The heritage birds cost more, but those in the know claim the cost is well worth the superior taste.

Book Suggestions, A List of Modern Day Classics

Entertainment Weekly recently put out a list of the best 100 books published between 1983 and 2008, calling them the new classics.  The book list doesn’t give any type of description, so I decided to go through the list, do some research, pick out the books that look most interesting to me (minus those I’ve already read), and provide you with a little info so you could see if they would be something you’d want to read, too.  

Here are 5 book suggestions, in no particular order.  Each of the following reviews is courtesy of amazon.com.

1. The Liar’s Club by Mary Karr

In this funny, razor-edged memoir, Mary Karr, a prize-winning poet and critic, looks back at her upbringing in a swampy East Texas refinery town with a volatile, defiantly loving family. She recalls her painter mother, seven times married, whose outlaw spirit could tip into psychosis; a fist-swinging father who spun tales with his cronies–dubbed the Liars’ Club; and a neighborhood rape when she was eight. An inheritance was squandered, endless bottles emptied, and guns leveled at the deserving and undeserving.

2. The Curious Incident of the Dog in the Night-Time by Mark Haddon

Fifteen-year-old Christopher John Francis Boone is mathematically gifted and socially hopeless, raised in a working-class home by parents who can barely cope with their child’s quirks. He takes everything that he sees (or is told) at face value, and is unable to sort out the strange behavior of his elders and peers.  Late one night, Christopher comes across his neighbor’s poodle, Wellington, impaled on a garden fork. Wellington’s owner finds him cradling her dead dog in his arms, and has him arrested. After spending a night in jail, Christopher resolves–against the objection of his father and neighbors–to discover just who has murdered Wellington. He is encouraged by Siobhan, a social worker at his school, to write a book about his investigations, and the result–quirkily illustrated, with each chapter given its own prime number–is The Curious Incident of the Dog in the Night-Time.

3. Sandman by Neil Gaiman (a graphic novel series)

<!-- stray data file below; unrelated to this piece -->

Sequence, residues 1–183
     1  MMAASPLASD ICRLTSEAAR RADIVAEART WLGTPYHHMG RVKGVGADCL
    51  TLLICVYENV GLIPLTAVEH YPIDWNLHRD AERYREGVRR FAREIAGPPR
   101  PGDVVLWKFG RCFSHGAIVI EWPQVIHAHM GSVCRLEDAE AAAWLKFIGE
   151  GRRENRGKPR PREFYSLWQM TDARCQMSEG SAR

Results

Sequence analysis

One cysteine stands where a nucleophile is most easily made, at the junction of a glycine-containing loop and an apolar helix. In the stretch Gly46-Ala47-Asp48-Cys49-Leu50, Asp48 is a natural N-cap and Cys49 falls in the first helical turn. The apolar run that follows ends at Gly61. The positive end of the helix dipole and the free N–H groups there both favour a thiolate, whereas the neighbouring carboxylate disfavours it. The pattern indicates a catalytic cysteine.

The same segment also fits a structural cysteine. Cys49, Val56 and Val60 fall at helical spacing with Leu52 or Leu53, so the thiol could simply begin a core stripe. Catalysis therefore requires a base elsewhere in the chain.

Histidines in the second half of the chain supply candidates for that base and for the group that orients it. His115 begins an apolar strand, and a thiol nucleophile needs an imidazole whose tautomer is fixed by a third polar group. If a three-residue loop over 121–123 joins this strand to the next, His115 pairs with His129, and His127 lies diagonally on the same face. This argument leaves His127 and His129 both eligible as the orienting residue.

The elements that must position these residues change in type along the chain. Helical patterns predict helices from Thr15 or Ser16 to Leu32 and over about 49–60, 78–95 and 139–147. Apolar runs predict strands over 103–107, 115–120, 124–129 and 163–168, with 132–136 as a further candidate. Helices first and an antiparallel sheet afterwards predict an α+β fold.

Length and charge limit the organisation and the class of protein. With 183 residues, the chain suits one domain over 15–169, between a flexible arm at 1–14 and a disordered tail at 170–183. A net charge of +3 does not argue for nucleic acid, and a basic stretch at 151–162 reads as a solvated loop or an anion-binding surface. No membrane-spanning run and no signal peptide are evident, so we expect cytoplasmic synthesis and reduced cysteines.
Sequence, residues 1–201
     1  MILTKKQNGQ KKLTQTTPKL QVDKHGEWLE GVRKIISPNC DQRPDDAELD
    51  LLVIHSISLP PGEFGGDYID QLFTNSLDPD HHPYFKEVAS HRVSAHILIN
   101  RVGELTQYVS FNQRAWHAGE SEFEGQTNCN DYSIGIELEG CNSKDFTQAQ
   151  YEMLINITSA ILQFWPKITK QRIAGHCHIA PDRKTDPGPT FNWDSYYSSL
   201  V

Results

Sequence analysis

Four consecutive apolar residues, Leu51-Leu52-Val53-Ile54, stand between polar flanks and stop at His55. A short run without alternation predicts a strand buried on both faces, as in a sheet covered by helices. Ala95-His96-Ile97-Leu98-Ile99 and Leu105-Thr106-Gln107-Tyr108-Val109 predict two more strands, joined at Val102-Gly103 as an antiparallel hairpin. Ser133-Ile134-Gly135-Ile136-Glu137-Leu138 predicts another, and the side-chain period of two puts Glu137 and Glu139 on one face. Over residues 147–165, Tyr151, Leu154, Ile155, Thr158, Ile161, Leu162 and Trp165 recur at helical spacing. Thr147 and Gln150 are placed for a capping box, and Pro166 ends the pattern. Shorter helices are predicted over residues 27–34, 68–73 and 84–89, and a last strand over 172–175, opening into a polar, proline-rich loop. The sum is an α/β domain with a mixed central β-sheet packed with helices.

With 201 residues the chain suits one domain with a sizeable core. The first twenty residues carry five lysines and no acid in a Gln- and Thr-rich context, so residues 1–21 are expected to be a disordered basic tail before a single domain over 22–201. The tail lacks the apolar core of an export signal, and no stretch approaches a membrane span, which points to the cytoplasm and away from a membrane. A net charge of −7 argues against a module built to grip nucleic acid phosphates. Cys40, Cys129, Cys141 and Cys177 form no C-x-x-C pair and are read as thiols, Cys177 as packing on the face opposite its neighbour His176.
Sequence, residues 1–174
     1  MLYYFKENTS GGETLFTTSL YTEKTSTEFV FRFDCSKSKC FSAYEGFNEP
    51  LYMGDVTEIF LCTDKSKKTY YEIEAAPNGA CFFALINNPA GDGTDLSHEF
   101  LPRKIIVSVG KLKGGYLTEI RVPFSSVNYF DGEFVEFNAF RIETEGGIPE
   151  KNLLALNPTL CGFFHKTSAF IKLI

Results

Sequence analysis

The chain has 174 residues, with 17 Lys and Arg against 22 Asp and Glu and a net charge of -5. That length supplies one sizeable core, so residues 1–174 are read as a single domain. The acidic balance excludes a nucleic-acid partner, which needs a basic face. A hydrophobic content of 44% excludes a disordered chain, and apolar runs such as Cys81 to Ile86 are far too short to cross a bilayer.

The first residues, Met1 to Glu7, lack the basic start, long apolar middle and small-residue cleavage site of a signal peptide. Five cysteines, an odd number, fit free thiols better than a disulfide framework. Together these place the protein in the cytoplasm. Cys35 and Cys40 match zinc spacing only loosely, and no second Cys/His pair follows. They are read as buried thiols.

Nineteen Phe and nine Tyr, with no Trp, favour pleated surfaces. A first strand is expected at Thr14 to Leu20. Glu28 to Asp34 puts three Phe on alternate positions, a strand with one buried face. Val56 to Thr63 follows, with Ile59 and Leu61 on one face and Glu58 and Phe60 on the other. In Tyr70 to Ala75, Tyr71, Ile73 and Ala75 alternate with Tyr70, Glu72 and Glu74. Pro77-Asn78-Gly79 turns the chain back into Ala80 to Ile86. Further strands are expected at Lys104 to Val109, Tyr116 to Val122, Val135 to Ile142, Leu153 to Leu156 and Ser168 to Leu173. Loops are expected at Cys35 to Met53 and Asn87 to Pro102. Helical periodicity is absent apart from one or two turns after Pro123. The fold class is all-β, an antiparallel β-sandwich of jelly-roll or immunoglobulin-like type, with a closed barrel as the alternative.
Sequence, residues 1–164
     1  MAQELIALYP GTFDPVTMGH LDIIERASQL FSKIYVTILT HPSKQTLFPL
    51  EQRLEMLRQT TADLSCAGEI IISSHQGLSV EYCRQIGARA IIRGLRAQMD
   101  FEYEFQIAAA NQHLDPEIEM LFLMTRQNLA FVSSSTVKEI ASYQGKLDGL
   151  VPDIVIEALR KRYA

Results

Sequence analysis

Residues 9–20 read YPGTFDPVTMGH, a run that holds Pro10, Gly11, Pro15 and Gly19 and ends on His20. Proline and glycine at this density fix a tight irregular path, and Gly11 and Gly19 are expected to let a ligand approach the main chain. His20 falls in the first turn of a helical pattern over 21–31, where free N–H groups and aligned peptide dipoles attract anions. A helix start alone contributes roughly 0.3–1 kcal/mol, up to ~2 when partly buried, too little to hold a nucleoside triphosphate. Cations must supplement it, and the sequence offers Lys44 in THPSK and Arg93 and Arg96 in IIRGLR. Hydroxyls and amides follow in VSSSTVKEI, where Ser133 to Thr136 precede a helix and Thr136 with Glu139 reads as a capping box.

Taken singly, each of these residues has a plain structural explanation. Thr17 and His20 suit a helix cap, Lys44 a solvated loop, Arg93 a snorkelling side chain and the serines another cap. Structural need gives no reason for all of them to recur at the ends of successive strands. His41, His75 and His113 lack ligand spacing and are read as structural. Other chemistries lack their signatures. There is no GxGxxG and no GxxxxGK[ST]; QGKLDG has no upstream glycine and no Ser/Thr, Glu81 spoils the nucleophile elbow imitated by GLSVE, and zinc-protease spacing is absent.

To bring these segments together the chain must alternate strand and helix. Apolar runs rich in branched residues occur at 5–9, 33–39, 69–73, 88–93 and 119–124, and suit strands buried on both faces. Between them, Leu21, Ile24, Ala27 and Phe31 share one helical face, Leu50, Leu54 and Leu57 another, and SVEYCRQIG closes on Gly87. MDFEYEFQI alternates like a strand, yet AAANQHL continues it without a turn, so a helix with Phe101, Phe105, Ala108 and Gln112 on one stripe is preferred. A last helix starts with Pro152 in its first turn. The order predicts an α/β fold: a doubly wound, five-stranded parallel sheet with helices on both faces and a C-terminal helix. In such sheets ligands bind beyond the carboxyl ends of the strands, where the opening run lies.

Amazon customer, “T. James Book Smuggler” writes of the first book in the series:

The novel is divided up into separate stories/chapters that seemingly jump around and are unrelated at first glance, but eventually tie together nicely as the story progresses. The tale is simple, with mythological roots.It is a quest story of a lost hero, stranded from his home, who undertakes a quest to regain his power and his throne. Enslaved by greedy humans who aimed to capture his sister, Death, Dream (or Morpheus) spends years waiting for his inevitable escape, and revenge. Once freed of his prison, Dream is terrifying. More the stuff of nightmares, he is imagined beautifully in bold dark ink and burning red eyes.

4. Random Family: Love, Drugs, Trouble, and Coming of Age in the Bronx by Adrian Nicole LeBlanc

Politicians rail about welfare queens, crack babies and deadbeat dads, but what do they know about the real struggle it takes to survive being poor? Journalist LeBlanc spent some 10 years researching and interviewing one extended family-mother Lourdes, daughter Jessica, daughter-in-law Coco and all their boyfriends, children and in-laws-from the Bronx to Troy, N.Y., in and out of public housing, emergency rooms, prisons and courtrooms. LeBlanc’s close listening produced this extraordinary book, a rare look at the world from the subjects’ point of view.

5. A Heartbreaking Work of Staggering Genius by Dave Eggers

At the age of 22, Eggers became both an orphan and a “single mother” when his parents died within five months of one another of unrelated cancers. In the ensuing sibling division of labor, Dave is appointed unofficial guardian of his 8-year-old brother, Christopher. The two live together in semi-squalor, decaying food and sports equipment scattered about, while Eggers worries obsessively about child-welfare authorities, molesting babysitters, and his own health. His child-rearing strategy swings between making his brother’s upbringing manically fun and performing bizarre developmental experiments on him. (Case in point: his idea of suitable bedtime reading is John Hersey’sHiroshima.)

Let Me on MySpace or I’ll Stab You

A man was arrested for cutting his mother with a knife after she wouldn’t let him get on MySpace.  According to myway news, during their fight regarding MySpace:

The mother said she confronted her 6-foot 2-inch tall, 320-pound son, after which he became aggravated and packed his belongings to leave their home.  Police said he pulled out a black and silver knife from his pocket as she tried to take his cellular telephone charger from him and cut her on the left wrist.  The teen then rode his bicycle to a location nearby, where he was later detained by police without further incident.